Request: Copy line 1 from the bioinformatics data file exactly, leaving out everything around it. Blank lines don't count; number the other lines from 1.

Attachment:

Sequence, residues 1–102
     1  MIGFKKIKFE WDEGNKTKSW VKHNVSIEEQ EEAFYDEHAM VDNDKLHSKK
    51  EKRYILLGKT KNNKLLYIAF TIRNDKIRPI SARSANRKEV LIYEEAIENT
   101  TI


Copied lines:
Sequence, residues 1–102